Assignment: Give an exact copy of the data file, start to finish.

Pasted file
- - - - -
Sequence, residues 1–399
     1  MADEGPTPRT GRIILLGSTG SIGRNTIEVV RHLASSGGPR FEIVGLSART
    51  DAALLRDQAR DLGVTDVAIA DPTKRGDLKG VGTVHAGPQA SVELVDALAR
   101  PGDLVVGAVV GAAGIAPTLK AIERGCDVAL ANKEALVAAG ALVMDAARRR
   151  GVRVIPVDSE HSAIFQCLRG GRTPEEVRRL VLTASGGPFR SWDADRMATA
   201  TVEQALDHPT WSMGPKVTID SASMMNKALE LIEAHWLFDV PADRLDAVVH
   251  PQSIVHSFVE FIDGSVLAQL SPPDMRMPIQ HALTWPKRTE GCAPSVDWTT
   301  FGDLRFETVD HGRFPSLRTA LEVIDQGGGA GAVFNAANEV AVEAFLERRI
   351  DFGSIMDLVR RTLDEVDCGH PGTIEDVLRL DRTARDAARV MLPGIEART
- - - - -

Sequence, residues 1–399
     1  MADEGPTPRT GRIILLGSTG SIGRNTIEVV RHLASSGGPR FEIVGLSART
    51  DAALLRDQAR DLGVTDVAIA DPTKRGDLKG VGTVHAGPQA SVELVDALAR
   101  PGDLVVGAVV GAAGIAPTLK AIERGCDVAL ANKEALVAAG ALVMDAARRR
   151  GVRVIPVDSE HSAIFQCLRG GRTPEEVRRL VLTASGGPFR SWDADRMATA
   201  TVEQALDHPT WSMGPKVTID SASMMNKALE LIEAHWLFDV PADRLDAVVH
   251  PQSIVHSFVE FIDGSVLAQL SPPDMRMPIQ HALTWPKRTE GCAPSVDWTT
   301  FGDLRFETVD HGRFPSLRTA LEVIDQGGGA GAVFNAANEV AVEAFLERRI
   351  DFGSIMDLVR RTLDEVDCGH PGTIEDVLRL DRTARDAARV MLPGIEART